Student Loans: The 5-Year Hardship Provision

The 5-Year Hardship Provision Allows You to Discharge Student Loan Debt Early

When filing for bankruptcy or a consumer proposal, it’s important to understand exactly how the outcome will reshape your financial situation.

Student loans are a common source of confusion, especially as most people are unaware of all aspects, such as the five-year hardship provision.

Here’s all you need to know.

The Traditional 7-Year Student Loan Rule

Anybody that’s thinking about filing for bankruptcy in Canada should know that this form of debt relief does not cover all financial obligations.

Debts are commonly broken into secured or unsecured debts, and only the latter can be withdrawn from the record.

However, student loans are a little different as they are a form of unsecured loan, but will be government-guaranteed.

Section 178.1.G of the Bankruptcy & Insolvency Act (BIA) states that student debts are automatically discharged unless they are:

 

(i) Before the date on which the bankrupt ceased to be a full- or part-time student, as the case may be, under the applicable Act or enactment, or

(ii) Within seven years after the date on which the bankrupt ceased to be a full- or part-time student.

 

So, generally speaking, the rules are that student loans can be discharged during the bankruptcy process if you concluded your studies at least seven years ago.

However, another solution may be possible courtesy of the five-year hardship provision.

The 5-Year Hardship Provision

The five-year hardship provision relates to a clause aimed to support individuals that finished their studies between five and seven years ago.

When used, student loans that are five or six years old can be discharged from the bankruptcy outcome in the same way that they would usually be included after seven years.

Section 178 of the BIA also states that bankruptcies and consumer proposals can reduce the timescale from seven years to five years if:

 

(i) the bankrupt has acted in good faith in connection with the bankrupt’s liabilities under the debt; and

(ii) the bankrupt has and will continue to experience financial difficulty to such an extent that the bankrupt will be unable to pay the debt.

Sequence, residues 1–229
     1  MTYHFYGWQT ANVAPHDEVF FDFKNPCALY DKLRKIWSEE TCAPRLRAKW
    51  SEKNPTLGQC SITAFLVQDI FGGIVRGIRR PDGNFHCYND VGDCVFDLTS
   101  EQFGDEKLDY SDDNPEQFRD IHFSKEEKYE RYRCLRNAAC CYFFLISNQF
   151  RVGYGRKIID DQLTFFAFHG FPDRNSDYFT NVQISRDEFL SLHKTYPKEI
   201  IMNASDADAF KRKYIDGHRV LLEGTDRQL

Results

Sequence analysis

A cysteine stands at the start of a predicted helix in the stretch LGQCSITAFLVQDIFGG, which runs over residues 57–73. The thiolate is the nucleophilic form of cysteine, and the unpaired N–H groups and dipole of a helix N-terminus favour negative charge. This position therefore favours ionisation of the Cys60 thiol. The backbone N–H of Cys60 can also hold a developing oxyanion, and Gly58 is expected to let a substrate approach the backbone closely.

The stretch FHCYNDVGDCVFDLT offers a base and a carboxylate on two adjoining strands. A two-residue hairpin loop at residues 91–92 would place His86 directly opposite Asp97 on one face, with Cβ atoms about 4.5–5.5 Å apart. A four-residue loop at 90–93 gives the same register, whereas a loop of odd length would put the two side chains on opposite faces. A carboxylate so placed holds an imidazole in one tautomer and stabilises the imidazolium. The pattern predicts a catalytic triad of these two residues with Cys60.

The ‘good faith’ part can cover several aspects relating to the debt you acquired as well as your subsequent actions in the years since completing your studies.

Contributing factors include but are not limited to:

 

  • Whether you used the funds to finance your studies or personal recreation;
  • Whether you completed your studies;
  • Attempts to use a Repayment Assistance Plan or other government schemes;
  • Current employment.

 

Even if you acted in good faith, you’ll need to show that the monthly repayments would cause financial hardships.

Each case is analyzed individually, but you can expect the decision to go your way if the payments will prevent you from paying rent or leading a financially responsible future.

Getting Help With The Student Loan 5-Year Hardship Provision

If you are about to enter a bankruptcy procedure, it can be assumed that you will encounter some financial hardship.

Therefore, with the right Trustee and financial behind you, arguing the case to include student loans under the five-year hardship provision will often bring the desired outcome.

Bankruptcy Canada can help you with this assignment, along with all other aspects of filing for bankruptcy.

To learn more, call today on (877) 879-4770.

Please post a follow up comment below:

(Note: Comments are reviewed before posting.)